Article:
Los Lobos' 'Kiko': The making of a Chicano masterpiece
Published: August 22, 2012
"It was a life-changing experience as a songwriter," Los Lobos' multi-instrumentalist/co-songwriter Louie Pérez told the Current about the making of Kiko (1992), the band's career-defining album. "Something happened."
What happened, actually, began to take shape five years earlier. In Luis Valdez's acclaimed La Bamba, Los Lobos' version of the title song (a 1958 Ritchie Valens hit based on a traditional Mexican folk song) had catapulted the band to the top of the charts. But the sudden mainstream success wasn't all roses for them.
"We had released a bunch of cool records and then 'La Bamba' happened and we became this big thing," said Pérez. "It almost eclipsed everything else that we had done before. I think the band went through a little bit of an identity crisis because, here we were, 'The La Bamba Band.'"
The band had to regroup fast, and they took immediate, drastic measures. First, they released the all-Spanish, gorgeous (and, to some, disconcerting) La Pistola y el Corazón (1988), a return to the band's folkloric roots, and then followed with the strong The Neighborhood (1990), which served to calm the nerves of those into Los Lobos' more blues-based, rootsy sound. With all bases covered, the band members asked themselves, "Now what?"
"With Kiko we were opening up ourselves to a lot of possibilities," Pérez said. "David [Hidalgo] and I just started writing down some songs and it just went somewhere else. There were no more rules. We went into the studio to just let things happen," said Pérez.
The band began rehearsals at a dilapidated studio on L.A.'s Skid Row. After a few demos, the band showed the demos to the label heads, and a key turning point occurred.
"This is great, but why don't you talk with Mitchell Froom about this?" said Lenny Waronker, then president of Warner Brothers Records. Froom, along with engineer Tchad Blake, had already worked with Los Lobos on "La Bamba" and "C'mon, Let's Go" for the La Bamba movie, and the chemistry (and success) had been great. It was a brilliant idea that would put the cherry on top of Kiko's pie. The sessions moved to Sound Factory studio in Hollywood, and the making of a magical, surreal, psychedelic classic continued.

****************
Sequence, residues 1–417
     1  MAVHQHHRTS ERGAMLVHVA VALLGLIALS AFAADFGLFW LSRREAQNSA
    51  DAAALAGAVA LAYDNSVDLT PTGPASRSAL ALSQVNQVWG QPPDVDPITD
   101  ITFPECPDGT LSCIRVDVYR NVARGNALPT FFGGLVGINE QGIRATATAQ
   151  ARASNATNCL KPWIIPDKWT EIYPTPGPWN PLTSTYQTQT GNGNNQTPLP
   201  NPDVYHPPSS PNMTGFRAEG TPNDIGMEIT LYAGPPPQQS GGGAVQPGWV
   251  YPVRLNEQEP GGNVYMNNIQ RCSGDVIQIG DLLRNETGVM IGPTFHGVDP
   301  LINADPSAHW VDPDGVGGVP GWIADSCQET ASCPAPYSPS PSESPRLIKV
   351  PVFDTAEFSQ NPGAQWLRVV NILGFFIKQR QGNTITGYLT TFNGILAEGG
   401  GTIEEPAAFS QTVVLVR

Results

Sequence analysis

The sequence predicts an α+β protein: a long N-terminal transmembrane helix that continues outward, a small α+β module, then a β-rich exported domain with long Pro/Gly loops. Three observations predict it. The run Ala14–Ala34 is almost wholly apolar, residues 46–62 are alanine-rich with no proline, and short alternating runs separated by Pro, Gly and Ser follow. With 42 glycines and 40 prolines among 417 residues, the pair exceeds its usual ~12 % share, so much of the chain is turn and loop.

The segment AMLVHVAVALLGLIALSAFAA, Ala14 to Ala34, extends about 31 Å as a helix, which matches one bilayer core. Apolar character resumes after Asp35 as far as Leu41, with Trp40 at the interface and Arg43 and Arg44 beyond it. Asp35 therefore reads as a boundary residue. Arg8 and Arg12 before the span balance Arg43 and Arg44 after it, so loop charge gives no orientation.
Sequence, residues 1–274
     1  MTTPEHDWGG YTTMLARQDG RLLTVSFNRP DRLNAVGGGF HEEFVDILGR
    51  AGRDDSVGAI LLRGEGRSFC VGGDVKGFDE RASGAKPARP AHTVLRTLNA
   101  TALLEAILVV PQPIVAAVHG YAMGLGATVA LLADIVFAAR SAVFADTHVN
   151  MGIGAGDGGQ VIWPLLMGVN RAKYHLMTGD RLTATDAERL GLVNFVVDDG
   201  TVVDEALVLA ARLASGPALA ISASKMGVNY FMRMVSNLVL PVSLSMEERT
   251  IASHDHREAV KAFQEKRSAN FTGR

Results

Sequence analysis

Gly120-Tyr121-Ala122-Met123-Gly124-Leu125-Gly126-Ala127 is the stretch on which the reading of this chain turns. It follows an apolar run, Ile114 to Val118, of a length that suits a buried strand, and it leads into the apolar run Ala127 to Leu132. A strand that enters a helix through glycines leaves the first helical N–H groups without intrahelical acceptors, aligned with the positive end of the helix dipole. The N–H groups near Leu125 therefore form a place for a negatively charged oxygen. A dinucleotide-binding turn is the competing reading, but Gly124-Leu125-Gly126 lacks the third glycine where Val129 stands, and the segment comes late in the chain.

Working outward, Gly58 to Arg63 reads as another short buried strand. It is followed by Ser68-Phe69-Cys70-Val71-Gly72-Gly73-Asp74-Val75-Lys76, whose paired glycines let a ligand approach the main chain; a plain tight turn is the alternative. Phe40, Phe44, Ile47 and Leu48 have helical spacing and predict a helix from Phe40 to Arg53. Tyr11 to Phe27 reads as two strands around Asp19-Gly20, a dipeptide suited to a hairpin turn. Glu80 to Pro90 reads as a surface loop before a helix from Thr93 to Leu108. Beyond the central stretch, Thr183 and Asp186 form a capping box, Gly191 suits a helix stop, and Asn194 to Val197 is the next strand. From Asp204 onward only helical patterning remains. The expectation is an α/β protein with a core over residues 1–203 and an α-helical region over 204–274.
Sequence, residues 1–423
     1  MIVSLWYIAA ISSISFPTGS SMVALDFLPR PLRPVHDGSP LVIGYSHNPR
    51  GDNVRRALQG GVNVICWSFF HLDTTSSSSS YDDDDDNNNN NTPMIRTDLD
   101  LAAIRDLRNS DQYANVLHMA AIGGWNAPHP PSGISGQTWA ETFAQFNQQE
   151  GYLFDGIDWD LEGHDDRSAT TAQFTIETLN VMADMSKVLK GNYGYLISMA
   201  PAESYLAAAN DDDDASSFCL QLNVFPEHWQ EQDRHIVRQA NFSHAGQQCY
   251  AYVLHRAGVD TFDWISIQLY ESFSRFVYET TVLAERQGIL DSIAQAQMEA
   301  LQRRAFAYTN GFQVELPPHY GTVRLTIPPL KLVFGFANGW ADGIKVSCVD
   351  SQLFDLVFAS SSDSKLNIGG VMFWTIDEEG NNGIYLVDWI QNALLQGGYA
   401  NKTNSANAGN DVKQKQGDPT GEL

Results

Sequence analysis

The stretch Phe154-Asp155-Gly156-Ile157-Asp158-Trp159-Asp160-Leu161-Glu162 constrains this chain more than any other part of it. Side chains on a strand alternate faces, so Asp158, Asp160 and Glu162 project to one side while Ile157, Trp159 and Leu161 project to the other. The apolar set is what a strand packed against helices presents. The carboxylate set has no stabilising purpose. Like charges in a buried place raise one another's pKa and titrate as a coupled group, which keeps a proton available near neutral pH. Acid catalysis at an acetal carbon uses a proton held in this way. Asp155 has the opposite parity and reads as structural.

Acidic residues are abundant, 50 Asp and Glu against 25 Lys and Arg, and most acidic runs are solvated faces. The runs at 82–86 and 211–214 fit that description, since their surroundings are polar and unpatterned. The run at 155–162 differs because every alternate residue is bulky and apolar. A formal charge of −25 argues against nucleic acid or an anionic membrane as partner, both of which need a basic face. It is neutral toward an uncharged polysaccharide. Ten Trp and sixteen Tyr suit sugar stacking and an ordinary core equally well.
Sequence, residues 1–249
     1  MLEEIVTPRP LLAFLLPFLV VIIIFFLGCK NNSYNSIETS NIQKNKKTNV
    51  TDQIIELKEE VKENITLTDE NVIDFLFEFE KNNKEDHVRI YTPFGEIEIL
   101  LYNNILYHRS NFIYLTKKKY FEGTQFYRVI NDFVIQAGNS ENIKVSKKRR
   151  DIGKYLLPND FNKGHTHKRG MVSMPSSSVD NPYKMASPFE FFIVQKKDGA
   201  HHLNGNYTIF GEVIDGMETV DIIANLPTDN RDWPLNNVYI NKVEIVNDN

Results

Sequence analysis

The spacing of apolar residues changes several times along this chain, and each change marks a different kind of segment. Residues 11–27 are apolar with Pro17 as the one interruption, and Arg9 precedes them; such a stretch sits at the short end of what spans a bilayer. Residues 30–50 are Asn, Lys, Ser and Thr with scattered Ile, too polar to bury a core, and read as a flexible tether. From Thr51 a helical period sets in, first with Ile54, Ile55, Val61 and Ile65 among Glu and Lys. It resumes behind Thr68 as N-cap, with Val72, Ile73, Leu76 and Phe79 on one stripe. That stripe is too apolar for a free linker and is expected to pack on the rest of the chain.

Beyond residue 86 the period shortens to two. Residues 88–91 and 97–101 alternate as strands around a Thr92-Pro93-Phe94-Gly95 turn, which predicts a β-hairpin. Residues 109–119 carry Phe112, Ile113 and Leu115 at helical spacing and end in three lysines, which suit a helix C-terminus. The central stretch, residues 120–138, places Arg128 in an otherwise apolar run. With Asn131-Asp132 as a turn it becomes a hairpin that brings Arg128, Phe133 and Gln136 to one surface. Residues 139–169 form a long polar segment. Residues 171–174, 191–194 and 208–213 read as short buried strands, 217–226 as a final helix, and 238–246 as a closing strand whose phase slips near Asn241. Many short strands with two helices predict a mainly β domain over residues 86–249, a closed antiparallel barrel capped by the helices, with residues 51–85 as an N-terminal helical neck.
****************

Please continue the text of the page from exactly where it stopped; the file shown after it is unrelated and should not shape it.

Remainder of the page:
"Among the experimental things we did was to use drums in a very small room," recalled Blake on the liner notes for the 20th anniversary edition, "using heavy compression and distortion on many instruments, contrasting that with some very clean sounds."
At times ("Angel With Dirty Faces"), Hidalgo recorded a guitar solo and then played it backwards; cheap pawnshop amplifiers were used often; a Shure SM57 microphone would be placed in the bottom of a trash can; electric guitars would be mixed with jaranas, and they wouldn't move to the next song until each song was finished.
"[Blake] was just a genius in the studio," said Pérez. "And although everything was very lush, nothing was overproduced."
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